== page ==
One Alcoholic Mind

One Alcoholic Mind

Early in my advertising career, I traveled the backroads of North Carolina in my car listening to music while I was alone killing time. This was pre-cell phone days. To date myself even further, I listened to music on audio cassettes. I remember having a cassette player in my car was a big deal!

At some point, I found out about a company that put out a series of motivational tapes. These were the thoughts and learnings from guys named Zig Ziglar, Brian Tracy, Earl Nightingale and Napoleon Hill. These were, in all cases, colorful characters who had been successful in their chosen fields and now they were passing along, via these tape series, how to achieve that same level of success in my life. Listening to their thoughts and wisdom kept me focused and gave me a sense that what I was doing had a purpose.

As I drove and listened, I realized over time that they had something I didn’t. They had control over their lives. They chose when to work. They chose when to play. They chose when to spend time with their families. They were in charge.

 For you see, I did not. My life was out of control. It didn’t happen overnight. It was a gradual process as a result of not taking the time to focus on what was most important in my life. Why was I working so hard? I knew something was missing in my life, but I couldn’t figure out what it was. I knew I needed to change something, but I didn’t know what it was, how to find it or what to do about it.

On one of these trips, I heard a phrase that has stuck with me over the years. This was one of those ‘ah hah’ moments, but at the time I didn’t realize how significant it was. The phrase went like this:

“People change for one of 2 reasons – inspiration or perspiration.”

Over the years and looking back on my life, this has meant several things to me, but ultimately I landed on the following understanding:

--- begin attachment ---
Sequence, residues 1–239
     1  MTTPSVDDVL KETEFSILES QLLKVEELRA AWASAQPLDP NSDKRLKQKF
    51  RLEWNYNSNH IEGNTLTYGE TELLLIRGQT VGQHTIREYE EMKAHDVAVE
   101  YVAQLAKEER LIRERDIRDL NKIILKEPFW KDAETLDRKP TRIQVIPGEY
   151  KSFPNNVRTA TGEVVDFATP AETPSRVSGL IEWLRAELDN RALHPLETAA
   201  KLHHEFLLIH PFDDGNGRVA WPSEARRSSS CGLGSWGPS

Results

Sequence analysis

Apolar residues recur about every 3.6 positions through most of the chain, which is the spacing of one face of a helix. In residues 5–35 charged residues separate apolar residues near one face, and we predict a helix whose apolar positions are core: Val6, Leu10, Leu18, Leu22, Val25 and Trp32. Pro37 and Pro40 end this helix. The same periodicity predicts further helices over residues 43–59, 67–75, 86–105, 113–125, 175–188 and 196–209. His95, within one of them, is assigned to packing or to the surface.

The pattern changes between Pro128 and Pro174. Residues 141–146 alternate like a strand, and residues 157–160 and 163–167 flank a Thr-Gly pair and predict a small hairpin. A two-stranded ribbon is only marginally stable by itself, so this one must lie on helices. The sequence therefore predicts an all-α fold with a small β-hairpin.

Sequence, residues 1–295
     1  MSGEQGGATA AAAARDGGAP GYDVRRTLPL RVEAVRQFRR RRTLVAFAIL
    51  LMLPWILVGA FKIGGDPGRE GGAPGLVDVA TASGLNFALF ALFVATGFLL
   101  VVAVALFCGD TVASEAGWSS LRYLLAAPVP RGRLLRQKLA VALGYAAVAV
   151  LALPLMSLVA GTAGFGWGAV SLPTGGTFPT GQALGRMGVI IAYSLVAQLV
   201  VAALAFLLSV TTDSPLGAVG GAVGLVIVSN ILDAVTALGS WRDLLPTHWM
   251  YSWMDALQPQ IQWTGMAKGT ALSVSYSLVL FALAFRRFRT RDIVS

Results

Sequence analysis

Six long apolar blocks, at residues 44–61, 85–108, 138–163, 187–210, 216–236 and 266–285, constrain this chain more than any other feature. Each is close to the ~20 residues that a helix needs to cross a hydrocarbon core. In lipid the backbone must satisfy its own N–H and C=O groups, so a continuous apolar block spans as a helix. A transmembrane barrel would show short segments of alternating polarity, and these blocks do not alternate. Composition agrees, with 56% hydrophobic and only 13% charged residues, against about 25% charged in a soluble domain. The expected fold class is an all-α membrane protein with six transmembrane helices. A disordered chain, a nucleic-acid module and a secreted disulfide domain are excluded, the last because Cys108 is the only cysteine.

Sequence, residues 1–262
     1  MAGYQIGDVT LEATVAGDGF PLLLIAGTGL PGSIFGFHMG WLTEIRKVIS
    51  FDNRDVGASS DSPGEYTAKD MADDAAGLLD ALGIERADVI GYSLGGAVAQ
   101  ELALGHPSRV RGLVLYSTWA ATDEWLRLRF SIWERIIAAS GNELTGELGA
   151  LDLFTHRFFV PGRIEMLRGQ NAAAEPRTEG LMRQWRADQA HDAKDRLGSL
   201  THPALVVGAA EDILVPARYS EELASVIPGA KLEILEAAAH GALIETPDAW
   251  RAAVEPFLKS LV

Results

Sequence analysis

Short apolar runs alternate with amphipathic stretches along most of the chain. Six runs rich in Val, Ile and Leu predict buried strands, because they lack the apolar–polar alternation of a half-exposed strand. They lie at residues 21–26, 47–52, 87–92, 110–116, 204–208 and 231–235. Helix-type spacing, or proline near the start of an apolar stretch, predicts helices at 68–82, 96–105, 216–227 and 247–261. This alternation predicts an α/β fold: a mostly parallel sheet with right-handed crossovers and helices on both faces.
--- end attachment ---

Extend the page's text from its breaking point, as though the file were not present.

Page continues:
“I change as a result of being motivated by a belief in something (inspiration) or by having the heat turned up on me (perspiration) so much that I am forced to.”

From my experience as an alcoholic/addict, it means that until I acquired that inspiration or until I felt enough pain, only then would I begin to change the way I thought and acted about my addiction.

Further compounding the problem, my symptoms for alcoholism and drug addiction didn’t appear overnight, rather they occurred over a prolonged period of time. Things progressed at a slow, erratic pace. Some days I’d use; some days I wouldn’t. In fact there were huge periods of sobriety – months would go by and I wouldn’t touch a thing. Even through multiple family interventions and promises that ‘I could do this on my own’, nothing slowed my addiction down. In the end, my addiction took over and I could not stop. I could not live without alcohol and drugs.

The end of the road came for me when I received the second of 2 DWIs in 3 months. That was my inspiration and my perspiration; my epiphany; my defining moment. I would love to say that no one got hurt along the way, but I’d be lying. I stole moments of time with people who loved me and who I loved; moments that I will never get back. I betrayed their trust and lied. Knowing that really hurts, but because I haven’t had a drink or a drug since April 17, 2007, I can now feel that pain; pain that I wasn’t able to feel up to that point because I was anesthetizing my feelings.

It’s been almost 10 years since I stopped and entered the world of recovery. I can now look back on that time as some of the most transformative and one of the crowning achievements in my life. Alcohol and drugs will always be a part of my story, but looking back, my recovery is one of the things of which I am most proud.

Yours in Recovery,

Lewis

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